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Pediatric Acute-Onset Neuropsychiatric Syndrome: Current Perspectives.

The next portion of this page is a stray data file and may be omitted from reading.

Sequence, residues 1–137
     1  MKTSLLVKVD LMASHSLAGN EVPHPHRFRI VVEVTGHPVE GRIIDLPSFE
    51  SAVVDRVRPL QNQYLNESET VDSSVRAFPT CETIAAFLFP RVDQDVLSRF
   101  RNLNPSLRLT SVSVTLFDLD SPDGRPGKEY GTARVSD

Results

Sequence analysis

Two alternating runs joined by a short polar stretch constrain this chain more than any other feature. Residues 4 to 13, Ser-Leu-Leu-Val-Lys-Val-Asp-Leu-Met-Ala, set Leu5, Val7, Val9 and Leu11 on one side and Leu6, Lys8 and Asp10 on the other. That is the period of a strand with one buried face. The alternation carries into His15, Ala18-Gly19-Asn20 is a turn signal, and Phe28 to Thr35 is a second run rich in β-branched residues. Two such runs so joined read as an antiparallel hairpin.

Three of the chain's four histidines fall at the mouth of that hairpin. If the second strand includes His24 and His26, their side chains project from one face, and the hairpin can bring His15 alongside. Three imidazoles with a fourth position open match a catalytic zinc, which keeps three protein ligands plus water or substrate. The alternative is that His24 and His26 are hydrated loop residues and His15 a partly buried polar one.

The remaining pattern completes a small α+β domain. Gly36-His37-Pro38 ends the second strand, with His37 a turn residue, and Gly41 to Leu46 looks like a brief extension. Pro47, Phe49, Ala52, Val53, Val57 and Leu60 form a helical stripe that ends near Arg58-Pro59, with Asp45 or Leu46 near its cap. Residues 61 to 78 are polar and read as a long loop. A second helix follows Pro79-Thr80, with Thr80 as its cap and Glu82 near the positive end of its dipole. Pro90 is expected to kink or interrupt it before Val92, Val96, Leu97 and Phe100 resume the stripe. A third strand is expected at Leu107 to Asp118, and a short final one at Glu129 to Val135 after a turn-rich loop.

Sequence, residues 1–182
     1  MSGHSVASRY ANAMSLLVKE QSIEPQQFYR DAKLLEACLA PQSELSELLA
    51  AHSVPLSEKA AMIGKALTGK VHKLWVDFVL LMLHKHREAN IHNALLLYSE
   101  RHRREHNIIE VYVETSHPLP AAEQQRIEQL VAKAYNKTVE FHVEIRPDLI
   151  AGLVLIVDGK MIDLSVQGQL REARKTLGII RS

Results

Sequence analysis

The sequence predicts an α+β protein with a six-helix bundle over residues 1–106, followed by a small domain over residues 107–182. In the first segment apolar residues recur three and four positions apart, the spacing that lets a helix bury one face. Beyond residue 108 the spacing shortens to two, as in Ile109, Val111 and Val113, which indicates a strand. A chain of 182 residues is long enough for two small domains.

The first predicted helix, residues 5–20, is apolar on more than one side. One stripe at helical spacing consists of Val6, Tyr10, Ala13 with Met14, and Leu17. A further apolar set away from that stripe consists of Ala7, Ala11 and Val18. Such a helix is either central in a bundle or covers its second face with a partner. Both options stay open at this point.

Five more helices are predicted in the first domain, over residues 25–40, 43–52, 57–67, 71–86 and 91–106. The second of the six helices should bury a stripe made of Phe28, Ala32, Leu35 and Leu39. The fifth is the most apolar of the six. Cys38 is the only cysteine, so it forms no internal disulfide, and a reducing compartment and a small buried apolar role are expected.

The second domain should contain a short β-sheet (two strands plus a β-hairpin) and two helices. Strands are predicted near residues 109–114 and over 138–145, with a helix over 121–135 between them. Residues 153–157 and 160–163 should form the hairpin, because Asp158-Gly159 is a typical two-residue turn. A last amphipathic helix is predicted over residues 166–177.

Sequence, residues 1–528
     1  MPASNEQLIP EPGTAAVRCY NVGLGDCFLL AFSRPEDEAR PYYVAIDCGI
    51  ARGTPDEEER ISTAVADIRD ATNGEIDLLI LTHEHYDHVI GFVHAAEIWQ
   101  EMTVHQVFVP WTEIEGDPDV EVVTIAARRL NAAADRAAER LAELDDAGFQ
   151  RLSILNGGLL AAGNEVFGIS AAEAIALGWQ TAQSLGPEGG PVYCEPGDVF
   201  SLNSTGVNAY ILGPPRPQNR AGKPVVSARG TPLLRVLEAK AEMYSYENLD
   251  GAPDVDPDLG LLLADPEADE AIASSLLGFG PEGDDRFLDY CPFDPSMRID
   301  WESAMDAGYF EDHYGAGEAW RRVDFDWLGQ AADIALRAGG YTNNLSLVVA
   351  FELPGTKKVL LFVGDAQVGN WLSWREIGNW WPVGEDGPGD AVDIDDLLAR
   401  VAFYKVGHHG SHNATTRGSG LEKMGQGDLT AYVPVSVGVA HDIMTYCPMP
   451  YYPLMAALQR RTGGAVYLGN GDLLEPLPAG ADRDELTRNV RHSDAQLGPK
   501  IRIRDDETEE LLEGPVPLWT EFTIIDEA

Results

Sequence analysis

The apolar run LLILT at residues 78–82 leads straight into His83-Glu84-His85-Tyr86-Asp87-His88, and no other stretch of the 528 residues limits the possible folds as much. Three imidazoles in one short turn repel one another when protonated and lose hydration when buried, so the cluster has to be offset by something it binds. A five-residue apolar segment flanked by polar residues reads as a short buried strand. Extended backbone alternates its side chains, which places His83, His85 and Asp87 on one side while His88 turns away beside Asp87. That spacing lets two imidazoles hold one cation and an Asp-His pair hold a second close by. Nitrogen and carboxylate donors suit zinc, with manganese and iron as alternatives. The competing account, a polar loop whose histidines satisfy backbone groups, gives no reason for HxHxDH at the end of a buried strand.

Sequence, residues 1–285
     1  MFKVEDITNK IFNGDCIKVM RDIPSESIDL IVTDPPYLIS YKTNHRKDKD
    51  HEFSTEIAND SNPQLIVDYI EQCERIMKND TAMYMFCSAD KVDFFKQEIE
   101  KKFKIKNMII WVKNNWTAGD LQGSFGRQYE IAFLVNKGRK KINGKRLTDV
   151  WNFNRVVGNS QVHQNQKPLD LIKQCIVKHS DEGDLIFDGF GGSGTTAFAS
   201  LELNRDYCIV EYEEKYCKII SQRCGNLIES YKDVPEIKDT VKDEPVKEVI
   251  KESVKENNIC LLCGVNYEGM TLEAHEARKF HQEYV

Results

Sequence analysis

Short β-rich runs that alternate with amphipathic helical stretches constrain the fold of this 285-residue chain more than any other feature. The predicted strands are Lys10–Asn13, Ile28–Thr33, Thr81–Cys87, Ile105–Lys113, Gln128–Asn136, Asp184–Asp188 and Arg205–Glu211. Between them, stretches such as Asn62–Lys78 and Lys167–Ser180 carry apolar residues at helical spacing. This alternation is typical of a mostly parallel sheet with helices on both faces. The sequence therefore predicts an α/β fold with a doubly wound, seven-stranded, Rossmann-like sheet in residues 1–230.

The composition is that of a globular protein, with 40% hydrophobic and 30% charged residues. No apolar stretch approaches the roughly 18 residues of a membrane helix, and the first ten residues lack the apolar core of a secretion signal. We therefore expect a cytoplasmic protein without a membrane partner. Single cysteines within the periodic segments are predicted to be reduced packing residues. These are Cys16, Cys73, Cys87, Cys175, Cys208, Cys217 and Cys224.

Pediatric acute-onset neuropsychiatric syndrome (PANS) features a heterogeneous constellation of acute obsessive-compulsive disorder (OCD), eating restriction, cognitive, behavioral and/or affective symptoms, often followed by a chronic course with cognitive deterioration. An immune-mediated etiology is advocated in which the CNS is hit by different pathogen-driven (auto)immune responses. This narrative review focused on recent clinical (ie, diagnostic criteria, pre-existing neurodevelopmental disorders, neuroimaging) and pathophysiological (ie, CSF, serum, genetic and autoimmune findings) aspects of PANS. We also summarized recent points to facilitate practitioners with the disease management. Relevant literature was obtained from PubMed database which included only English-written, full-text clinical studies, case reports, and reviews. Among a total of 1005 articles, 205 were pertinent to study inclusion. Expert opinions are converging on PANS as the effect of post-infectious events or stressors leading to "brain inflammation", as it is well-established for anti-neuronal psychosis. Interestingly, differentiating PANS from either autoimmune encephalitides and Sydenham's chorea or from alleged "pure" psychiatric disorders (OCD, tics, Tourette's syndrome), reveals several overlaps and more analogies than differences. Our review highlights the need for a comprehensive algorithm to help both patients during their acute distressing phase and physicians during their treatment decision. A full agreement on the hierarchy of each therapeutical intervention is missing owing to the limited number of randomized controlled trials. The current approach to PANS treatment emphasizes immunomodulation/anti-inflammatory treatments in association with both psychotropic and cognitive-behavioral therapies, while antibiotics are suggested when an active bacterial infection is established. A dimensional view, taking into account the multifactorial origin of psychiatric disorders, should suggest neuro-inflammation as a possible shared substrate of different psychiatric phenotypes. Hence, PANS and PANS-related disorders should be considered as a conceptual framework describing the etiological and phenotypical complexity of many psychiatric disorders.

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